from “Mt. Lemmon, Steward Observatory, 1990”
by Alison Hawthorne Deming
What it takes to dazzle us, masters of dazzle,
all of us here together at the top of the world,
is a night without neon or mercury lamps.
Black sheen flowing above,
the stars, unnamed and disorderly —
diamonds, a ruby or sapphire,
scattered and made
more precious for being cut
from whatever strand
once held them together.
The universe is emptiness and dust,
occasional collisions, collapsing zones of gas,
electrical outbursts, and us.
Here is the 60-inch scope where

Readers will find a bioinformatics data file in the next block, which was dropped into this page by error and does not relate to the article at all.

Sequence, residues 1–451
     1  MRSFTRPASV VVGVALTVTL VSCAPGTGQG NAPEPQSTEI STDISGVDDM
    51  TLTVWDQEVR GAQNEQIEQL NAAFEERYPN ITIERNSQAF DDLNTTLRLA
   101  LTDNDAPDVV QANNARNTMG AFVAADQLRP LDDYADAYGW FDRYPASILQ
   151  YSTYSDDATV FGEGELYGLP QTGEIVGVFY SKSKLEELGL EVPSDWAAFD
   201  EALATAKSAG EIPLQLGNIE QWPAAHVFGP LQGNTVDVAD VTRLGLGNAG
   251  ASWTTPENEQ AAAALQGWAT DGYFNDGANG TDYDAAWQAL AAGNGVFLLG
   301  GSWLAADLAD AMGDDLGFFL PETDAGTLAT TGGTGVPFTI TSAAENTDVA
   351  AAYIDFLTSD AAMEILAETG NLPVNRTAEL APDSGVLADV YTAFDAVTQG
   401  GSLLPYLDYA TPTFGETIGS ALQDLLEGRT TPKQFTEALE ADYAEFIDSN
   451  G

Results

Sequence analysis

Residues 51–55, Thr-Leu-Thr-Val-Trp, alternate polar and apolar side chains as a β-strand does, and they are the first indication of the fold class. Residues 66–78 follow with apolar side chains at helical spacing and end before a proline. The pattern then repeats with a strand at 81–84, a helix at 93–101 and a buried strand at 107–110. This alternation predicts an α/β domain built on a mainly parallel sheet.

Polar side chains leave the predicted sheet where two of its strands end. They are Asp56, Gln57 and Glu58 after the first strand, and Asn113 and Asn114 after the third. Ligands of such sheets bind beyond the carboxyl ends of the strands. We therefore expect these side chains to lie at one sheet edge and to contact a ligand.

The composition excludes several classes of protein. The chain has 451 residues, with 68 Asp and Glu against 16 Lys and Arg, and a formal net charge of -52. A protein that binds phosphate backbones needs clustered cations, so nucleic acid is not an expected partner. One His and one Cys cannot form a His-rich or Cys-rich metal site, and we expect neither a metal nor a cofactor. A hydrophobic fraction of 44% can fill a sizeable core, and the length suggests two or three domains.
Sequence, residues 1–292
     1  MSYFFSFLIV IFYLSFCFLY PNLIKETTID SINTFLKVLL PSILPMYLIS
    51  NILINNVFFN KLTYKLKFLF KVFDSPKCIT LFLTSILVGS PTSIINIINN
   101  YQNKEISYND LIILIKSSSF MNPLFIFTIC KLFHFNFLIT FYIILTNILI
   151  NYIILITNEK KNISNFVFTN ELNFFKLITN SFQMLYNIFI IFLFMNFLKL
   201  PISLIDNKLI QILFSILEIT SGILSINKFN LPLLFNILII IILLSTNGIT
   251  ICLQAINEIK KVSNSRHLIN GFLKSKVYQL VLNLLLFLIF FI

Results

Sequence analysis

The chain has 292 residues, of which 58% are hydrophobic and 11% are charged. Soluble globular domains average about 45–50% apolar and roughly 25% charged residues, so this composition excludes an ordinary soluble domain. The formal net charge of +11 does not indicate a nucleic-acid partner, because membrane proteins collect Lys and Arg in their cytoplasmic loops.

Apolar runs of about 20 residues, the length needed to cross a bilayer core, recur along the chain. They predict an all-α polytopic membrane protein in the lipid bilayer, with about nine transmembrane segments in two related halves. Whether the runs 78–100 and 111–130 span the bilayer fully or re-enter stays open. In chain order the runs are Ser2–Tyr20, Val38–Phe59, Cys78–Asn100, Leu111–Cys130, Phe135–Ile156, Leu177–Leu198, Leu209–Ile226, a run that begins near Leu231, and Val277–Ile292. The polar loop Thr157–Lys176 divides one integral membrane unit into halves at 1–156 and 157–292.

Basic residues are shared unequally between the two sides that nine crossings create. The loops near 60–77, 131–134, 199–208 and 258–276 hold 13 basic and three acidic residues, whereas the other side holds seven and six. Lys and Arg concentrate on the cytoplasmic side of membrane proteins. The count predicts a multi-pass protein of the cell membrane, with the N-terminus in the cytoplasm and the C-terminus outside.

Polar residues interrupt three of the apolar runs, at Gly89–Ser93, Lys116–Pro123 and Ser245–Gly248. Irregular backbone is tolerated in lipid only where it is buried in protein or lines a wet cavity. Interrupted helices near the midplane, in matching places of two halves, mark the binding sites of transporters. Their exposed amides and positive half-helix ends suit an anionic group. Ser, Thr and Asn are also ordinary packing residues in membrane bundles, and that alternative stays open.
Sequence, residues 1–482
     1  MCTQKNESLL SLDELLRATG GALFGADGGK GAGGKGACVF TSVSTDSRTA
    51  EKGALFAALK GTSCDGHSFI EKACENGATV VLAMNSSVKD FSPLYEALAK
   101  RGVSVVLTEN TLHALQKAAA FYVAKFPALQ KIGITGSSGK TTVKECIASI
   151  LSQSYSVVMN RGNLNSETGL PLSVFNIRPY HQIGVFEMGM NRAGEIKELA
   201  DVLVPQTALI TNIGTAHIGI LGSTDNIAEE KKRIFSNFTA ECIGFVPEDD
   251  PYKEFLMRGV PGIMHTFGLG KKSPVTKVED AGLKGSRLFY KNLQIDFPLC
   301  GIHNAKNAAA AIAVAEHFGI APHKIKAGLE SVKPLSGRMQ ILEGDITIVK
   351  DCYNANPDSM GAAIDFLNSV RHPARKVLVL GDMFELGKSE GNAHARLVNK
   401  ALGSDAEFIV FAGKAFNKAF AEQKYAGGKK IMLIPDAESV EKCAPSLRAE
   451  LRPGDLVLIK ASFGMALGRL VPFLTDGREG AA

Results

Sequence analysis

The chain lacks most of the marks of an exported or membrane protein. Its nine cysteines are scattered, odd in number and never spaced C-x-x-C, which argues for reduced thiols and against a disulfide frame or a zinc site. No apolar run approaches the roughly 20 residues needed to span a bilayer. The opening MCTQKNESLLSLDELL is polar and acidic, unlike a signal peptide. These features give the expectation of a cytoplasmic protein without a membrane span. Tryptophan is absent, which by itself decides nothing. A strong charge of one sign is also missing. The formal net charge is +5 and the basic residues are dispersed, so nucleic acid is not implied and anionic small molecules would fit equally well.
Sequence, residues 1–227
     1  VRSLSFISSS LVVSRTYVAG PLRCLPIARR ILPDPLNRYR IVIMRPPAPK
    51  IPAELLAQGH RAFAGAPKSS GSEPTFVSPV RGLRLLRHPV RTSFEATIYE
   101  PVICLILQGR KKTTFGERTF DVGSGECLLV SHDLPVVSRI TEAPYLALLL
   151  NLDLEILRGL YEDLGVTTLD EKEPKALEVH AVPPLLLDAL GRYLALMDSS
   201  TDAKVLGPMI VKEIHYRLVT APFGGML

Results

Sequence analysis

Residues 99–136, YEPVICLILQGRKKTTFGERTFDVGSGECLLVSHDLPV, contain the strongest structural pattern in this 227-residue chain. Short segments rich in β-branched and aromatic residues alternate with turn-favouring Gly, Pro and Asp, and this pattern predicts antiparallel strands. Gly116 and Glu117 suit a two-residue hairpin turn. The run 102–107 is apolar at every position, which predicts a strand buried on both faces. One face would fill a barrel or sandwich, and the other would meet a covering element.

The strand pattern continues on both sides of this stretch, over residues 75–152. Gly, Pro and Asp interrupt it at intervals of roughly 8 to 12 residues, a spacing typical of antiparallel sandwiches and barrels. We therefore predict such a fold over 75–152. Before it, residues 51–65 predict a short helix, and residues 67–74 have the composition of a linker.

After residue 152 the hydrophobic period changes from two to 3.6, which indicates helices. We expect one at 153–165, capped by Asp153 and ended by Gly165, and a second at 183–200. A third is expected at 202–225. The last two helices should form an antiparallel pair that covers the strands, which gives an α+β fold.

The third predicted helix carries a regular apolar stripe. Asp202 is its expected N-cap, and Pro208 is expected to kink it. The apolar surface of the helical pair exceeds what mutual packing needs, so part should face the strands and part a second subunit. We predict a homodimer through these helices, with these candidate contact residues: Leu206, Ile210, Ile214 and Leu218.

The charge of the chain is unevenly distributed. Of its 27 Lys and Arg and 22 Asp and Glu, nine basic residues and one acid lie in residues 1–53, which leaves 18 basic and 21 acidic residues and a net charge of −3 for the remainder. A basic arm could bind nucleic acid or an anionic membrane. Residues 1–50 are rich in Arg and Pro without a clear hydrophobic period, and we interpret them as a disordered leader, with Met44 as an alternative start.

we struggle to see one pinpoint of light,
each singularity with its timid twinkle
become a city of stars, that trapezoidal
grouping at the end of Orion’s sword,
a cloudy nursery spawning
galactic stuff, lit but not illuminated
by a glassy hot blue star. What is it to see?
A mechanism wired in the brain
that leads to wonder. What is it
to wonder but to say
what we’ve seen and, having said it,
need to see farther.